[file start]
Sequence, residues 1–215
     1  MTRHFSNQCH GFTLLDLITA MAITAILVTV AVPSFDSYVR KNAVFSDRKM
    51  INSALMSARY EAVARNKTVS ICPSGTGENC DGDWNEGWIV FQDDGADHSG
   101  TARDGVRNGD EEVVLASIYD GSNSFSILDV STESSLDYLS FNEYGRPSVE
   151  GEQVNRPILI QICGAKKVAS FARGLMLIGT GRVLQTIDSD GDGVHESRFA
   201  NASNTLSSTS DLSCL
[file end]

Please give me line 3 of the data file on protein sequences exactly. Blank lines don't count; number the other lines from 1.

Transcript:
    51  INSALMSARY EAVARNKTVS ICPSGTGENC DGDWNEGWIV FQDDGADHSG